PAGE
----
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Dental and Oral Care for Pets – What You Need to Know | Hastings Veterinary Hospital

Dental and Oral Care for Pets – What You Need to Know

In North America, vets and pet owners acknowledge February as Pet Dental Month—of course, taking care of your pet’s dental health is vital year-round. Dental issues and disease are, sadly, very common health concerns in pets. Whether it’s halitosis (otherwise known as bad breath) in a dog or periodontal disease (sore, infected teeth and gums) in your cat, there are several problems that can arise from poor dental hygiene and care.

In this guide, we’ll explain the most important facts about dental and oral care for pets, going over its importance as a preventive measure against many medical concerns. We’ll outline some great habits to get into with your pet’s dental health, helping to protect them and keep them safe and healthy year-round. 

Benefits of Good Pet Dental Care

What if you went six months without brushing your teeth? Odds are, people wouldn’t be so keen to be around you. You’d also be at much higher risk of dental disease and other medical issues. The same is true of our pets, who require special dental care to prevent all manner of problems. 

The obvious benefit is healthy teeth and decent-smelling breath. However, good dental care also protects the roots of the teeth, prevents cavities, and maintains the health of the gums. It stops dental infections, which can lead to infections in the heart or kidneys if left untreated. Here are just a few of the conditions that dental care can prevent in your pet:

  • Plaque and tartar build-up
  • Halitosis (bad breath)
  • Gingivitis (gum infection)
  • Periodontal disease
  • Loose, fractured, or missing teeth
  • Oral infections

What Does Good Pet Dental Care Look Like?

The gold standard of dental care for pets is the same as it is for humans: daily (or ideally, twice-daily) teeth brushing. While flossing would be ideal too, floss doesn’t really exist for pets for obvious reasons. So instead, we supplement a good brushing routine with dental chews and treats. These help to minimize plaque buildup, which goes a long way in preventing many of the issues listed above.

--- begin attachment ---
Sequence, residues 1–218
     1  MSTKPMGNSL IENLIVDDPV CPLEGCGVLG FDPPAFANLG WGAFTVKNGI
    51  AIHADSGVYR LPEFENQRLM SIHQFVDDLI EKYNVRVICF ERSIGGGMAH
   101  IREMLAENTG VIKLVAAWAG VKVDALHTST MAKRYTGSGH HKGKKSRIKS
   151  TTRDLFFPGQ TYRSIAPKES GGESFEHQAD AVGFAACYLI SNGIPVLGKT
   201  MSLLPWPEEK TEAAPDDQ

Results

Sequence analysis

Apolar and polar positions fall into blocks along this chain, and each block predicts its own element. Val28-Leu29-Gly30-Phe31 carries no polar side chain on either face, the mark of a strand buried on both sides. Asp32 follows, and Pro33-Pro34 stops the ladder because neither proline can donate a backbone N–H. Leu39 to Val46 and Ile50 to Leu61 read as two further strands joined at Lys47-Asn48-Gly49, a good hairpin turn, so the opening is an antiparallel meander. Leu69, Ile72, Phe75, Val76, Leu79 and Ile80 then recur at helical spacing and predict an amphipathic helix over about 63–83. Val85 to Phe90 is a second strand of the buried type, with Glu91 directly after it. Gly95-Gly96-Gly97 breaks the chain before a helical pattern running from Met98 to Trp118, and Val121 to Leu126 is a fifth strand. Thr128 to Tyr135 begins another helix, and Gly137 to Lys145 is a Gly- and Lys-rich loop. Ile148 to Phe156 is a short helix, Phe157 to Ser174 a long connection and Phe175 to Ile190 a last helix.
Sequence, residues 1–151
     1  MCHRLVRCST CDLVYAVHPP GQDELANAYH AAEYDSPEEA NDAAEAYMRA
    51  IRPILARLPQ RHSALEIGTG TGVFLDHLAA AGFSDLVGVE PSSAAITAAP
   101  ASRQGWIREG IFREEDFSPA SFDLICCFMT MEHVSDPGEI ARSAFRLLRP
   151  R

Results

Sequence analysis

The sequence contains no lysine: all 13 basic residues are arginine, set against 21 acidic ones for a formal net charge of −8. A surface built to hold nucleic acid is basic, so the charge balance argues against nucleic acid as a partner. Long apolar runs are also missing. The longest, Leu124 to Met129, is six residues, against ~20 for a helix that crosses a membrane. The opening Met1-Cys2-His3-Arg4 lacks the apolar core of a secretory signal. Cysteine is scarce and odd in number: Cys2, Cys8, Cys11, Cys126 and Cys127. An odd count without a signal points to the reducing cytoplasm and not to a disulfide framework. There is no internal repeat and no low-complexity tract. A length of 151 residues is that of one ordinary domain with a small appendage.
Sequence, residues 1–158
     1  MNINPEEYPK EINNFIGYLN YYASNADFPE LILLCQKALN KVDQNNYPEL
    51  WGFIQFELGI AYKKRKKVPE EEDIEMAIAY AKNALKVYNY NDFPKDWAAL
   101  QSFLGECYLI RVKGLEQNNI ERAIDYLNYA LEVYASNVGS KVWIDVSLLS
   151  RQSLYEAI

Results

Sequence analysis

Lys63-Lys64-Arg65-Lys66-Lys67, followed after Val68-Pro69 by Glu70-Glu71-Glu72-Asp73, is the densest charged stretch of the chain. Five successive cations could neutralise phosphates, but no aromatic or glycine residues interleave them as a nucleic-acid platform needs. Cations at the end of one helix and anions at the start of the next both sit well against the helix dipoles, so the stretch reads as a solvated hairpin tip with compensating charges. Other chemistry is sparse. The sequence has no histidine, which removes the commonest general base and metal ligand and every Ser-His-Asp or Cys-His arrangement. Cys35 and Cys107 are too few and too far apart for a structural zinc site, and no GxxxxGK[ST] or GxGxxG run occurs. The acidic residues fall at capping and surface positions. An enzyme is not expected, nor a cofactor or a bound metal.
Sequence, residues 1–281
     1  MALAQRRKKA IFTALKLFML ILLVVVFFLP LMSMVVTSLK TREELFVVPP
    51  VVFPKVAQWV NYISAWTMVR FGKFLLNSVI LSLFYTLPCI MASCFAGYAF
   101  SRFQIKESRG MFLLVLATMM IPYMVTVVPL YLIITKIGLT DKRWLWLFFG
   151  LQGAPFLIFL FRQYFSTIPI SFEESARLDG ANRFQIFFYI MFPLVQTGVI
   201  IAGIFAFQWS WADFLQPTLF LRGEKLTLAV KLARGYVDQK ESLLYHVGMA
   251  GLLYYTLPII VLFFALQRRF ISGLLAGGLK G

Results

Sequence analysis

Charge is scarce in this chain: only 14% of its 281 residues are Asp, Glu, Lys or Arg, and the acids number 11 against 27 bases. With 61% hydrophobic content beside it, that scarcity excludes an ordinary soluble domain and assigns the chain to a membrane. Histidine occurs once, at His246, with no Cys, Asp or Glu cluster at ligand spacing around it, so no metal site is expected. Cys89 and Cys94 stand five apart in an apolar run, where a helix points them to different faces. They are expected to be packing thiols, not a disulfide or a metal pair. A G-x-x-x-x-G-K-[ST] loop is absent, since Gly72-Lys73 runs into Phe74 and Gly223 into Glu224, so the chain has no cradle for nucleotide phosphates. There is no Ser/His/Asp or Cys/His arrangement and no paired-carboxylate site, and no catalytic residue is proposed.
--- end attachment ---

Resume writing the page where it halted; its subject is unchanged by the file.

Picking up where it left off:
To round out a complete dental care plan for your pet, they need to receive an annual oral examination performed by your veterinarian. They can give your pet’s mouth and teeth a much closer look, using specialized tools, techniques, and knowledge to identify issues that might be harder for pet owners to spot on their own.

This personalized level of care is what makes veterinary dental exams so essential. While anyone can get in the habit of brushing your dog’s teeth, it takes years of training and experience to identify certain dental issues before they become more serious. And in the meantime, they can use their knowledge to offer guidance for your specific pet.

A Note on ‘Non-Sedation’ Dentistry

In recent years, it’s become a trend for pet owners to pursue something called ‘non-sedation dentistry’ for their pets. In this practice, the pet’s teeth are cleaned without any anesthetic or sedation. This form of teeth cleaning is not recommended or approved by the vast majority of veterinarians in Canada. In fact, it’s actually considered malpractice in some provinces. This form of animal dentistry misses the point of dental care for pets, focusing on cosmetics rather than the proven health benefits. Dental health care is a science, not an art.

Proper dental care for pets is the same as for humans, only pets must be under some form of sedation. We can’t explain what we’re doing to a dog like we can to a human, so to pets the process can be very stressful and even frightening. There are also some pets who have a strong aversion to having their teeth cleaned, making regular oral care all the more difficult for both the pet owner and their vet.

By sedating the pet, we get the chance to thoroughly clean and examine the mouth, avoiding stress on the pet and keeping staff safe at the same time. Sedation allows us to completely remove tartar and plaque from the teeth, clean below the gum line, polish the teeth, perform dental x-rays, or extract teeth if necessary. 

Is It Time to Check Your Pet’s Teeth?

For the average pet, it’s important that a veterinarian checks their dental health at least once a year. If your pet is older or has specific health conditions, it might be recommended to have them examined more frequently. So if it’s been more than a year, or you’re not sure when your pet’s dental health was last checked, it’s time to book an appointment.

Creative Commons Attribution: Permission is granted to repost this article in its entirety with credit to Hastings Veterinary Hospital and a clickable link back to this page.


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